The razzing just kept going. But what did Nate Prosser expect?
Prosser signed his two-year contract extension with the Wild before the team's practice Monday at Xcel Energy Center. During practice, coach Mike Yeo called the team to center ice, then announced the deal.
Prosser knew what to expect. So he smiled when one teammate said cameras would need a wide-angle lens to capture Prosser's head from now on. Goalie Josh Harding asked if Prosser was taking the team charter to Columbus for Tuesday's game or if he was going to fly in a private jet.
"It's a good day for me and my family," Prosser said. "I was able to celebrate with them yesterday. There was a lot of excitement. I mean, my first time signing a one-way deal like this? It's a dream come true."
The rookie defenseman worked hard to get to this point, paying dues that included a number of call-ups from Houston and return trips back.
Prosser got a two-year, one-way deal worth $1.65 million. That's an $825,000 salary cap hit starting next season. Prosser, 25, has six assists in 23 games this season. One reason he's been back and forth between the Wild and the Aeros of the American Hockey League is that he doesn't have to clear waivers to be sent down. That will change, starting next season.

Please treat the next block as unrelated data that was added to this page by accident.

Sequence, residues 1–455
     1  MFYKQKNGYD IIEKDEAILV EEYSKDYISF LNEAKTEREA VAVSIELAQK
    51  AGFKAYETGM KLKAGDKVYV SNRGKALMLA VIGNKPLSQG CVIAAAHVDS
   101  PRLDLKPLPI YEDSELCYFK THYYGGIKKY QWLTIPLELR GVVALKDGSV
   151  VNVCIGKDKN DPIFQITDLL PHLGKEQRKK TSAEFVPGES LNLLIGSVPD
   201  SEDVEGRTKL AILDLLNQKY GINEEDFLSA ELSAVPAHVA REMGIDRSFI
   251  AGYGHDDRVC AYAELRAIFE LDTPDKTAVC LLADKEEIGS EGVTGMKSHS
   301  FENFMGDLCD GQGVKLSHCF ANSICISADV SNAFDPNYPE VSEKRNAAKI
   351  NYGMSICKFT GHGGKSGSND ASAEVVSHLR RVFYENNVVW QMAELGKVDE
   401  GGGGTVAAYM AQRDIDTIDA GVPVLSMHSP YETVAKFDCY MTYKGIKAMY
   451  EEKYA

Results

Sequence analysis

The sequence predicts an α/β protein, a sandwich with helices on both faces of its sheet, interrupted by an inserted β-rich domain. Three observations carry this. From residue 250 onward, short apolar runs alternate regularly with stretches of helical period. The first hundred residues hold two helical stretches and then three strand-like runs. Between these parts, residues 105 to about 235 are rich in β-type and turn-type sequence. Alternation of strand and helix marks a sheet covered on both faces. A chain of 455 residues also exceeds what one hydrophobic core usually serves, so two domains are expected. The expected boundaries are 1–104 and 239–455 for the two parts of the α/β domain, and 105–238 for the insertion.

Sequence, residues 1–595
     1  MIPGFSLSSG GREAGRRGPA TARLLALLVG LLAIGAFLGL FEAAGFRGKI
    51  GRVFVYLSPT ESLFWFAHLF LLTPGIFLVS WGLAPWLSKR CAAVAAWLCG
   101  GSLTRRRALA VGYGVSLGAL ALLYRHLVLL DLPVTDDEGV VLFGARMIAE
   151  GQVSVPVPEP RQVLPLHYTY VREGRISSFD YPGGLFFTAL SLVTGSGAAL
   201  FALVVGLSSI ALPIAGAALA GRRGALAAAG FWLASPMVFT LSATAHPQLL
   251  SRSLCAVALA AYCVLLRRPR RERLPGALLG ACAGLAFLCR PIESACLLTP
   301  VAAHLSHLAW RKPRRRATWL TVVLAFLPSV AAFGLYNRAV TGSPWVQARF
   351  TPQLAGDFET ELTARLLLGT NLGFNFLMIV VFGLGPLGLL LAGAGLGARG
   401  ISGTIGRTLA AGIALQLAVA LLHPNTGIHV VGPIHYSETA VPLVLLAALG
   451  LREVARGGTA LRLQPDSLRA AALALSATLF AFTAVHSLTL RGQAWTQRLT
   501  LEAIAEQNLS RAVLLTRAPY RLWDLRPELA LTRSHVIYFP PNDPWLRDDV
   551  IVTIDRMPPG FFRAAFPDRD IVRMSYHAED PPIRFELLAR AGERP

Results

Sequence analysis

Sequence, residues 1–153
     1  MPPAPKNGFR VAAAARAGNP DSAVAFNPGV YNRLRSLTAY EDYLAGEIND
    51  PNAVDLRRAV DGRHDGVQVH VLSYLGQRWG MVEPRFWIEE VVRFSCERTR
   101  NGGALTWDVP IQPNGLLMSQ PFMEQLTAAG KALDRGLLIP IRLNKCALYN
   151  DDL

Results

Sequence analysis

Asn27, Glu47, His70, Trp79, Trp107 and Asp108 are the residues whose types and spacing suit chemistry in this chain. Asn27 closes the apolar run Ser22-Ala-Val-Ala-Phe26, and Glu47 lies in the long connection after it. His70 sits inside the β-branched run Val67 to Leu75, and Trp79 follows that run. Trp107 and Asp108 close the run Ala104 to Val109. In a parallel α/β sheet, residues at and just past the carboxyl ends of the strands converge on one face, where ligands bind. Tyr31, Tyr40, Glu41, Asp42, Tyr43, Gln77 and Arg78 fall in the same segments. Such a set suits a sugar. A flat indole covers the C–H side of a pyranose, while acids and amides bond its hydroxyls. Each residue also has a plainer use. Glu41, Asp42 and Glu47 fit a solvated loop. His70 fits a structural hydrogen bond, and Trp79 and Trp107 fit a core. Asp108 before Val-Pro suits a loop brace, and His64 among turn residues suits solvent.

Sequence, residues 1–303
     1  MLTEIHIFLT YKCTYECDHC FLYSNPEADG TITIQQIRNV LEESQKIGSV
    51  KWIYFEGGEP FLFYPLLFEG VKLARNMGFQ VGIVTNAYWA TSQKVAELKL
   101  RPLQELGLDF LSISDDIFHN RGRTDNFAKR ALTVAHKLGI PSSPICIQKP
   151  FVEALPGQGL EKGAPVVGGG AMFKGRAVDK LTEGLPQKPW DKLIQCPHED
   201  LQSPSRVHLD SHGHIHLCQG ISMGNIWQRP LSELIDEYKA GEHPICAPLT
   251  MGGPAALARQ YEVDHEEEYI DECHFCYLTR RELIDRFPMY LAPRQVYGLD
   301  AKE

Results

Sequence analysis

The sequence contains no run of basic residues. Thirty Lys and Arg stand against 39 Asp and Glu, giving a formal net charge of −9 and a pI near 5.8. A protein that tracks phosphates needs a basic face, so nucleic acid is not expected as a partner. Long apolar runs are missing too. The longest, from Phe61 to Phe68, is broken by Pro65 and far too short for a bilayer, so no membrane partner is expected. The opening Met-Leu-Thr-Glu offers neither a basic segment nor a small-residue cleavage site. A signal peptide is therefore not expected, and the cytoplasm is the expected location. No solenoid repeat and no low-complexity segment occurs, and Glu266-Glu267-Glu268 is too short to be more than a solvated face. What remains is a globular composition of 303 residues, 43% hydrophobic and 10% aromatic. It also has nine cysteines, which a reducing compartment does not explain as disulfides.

"He's a guy that, being around him for two years now, you've got to really like his attitude," Yeo said. "And what he brings to the table, both as a person and especially the way he's contributing."
Prosser came back even sharper after his last stint in Houston, and even that showed the Wild something. Prosser had done good things with the Wild but, when he was sent back to Houston, he didn't pout.
And there was a bright side: All those trips gave him enough frequent flier miles to fly his wife, Brittani, back from Houston with him.
"They kept telling me to keep my head in it, to go down and improve on what I needed to improve on and be ready to come back and get right after it," Prosser said. "That's all I could concentrate on."
Prosser, who is from Elk River, was signed as a free agent out of Colorado College in March of 2010.
The result is perfect for a Minnesota kid. Prosser said the two sides started talking about a deal "a week or two ago."
"I'm extremely happy being able to be kind of secure with the spot," Prosser said. "It's a big relief for me and my family, being able to get settled here. It's a dream come true."
And it's a dream that is about to get a little bigger.
Prosser has resisted looking for a house to buy. He said he didn't want to jinx what was happening with the Wild. Now he and his wife will be able to start looking, and just in time. The Prossers are expecting their first child in August.
"It's a gift from God, the fact everything is working out, step by step," Prosser said.
Wild center Mikko Koivu was full-go at practice, having discarded the red, no-contact sweater. But that doesn't mean he will play in Columbus on Tuesday. Koivu worked mainly in defensive drills and didn't center a line in practice. In fact, he took one turn in a drill at right wing on the fourth line.
What he and the team were apparently looking for is how Koivu's shoulder would hold up taking some contact.
"I felt pretty good," Koivu said. "It was a good skate. I battled, and it was good."
Yeo said he would see how Koivu responded to Monday's practice before deciding Koivu's status for Tuesday. Koivu did travel with the team to Columbus.
• Yeo said Niklas Backstrom, who has allowed one goal in his past two starts, would start in Columbus.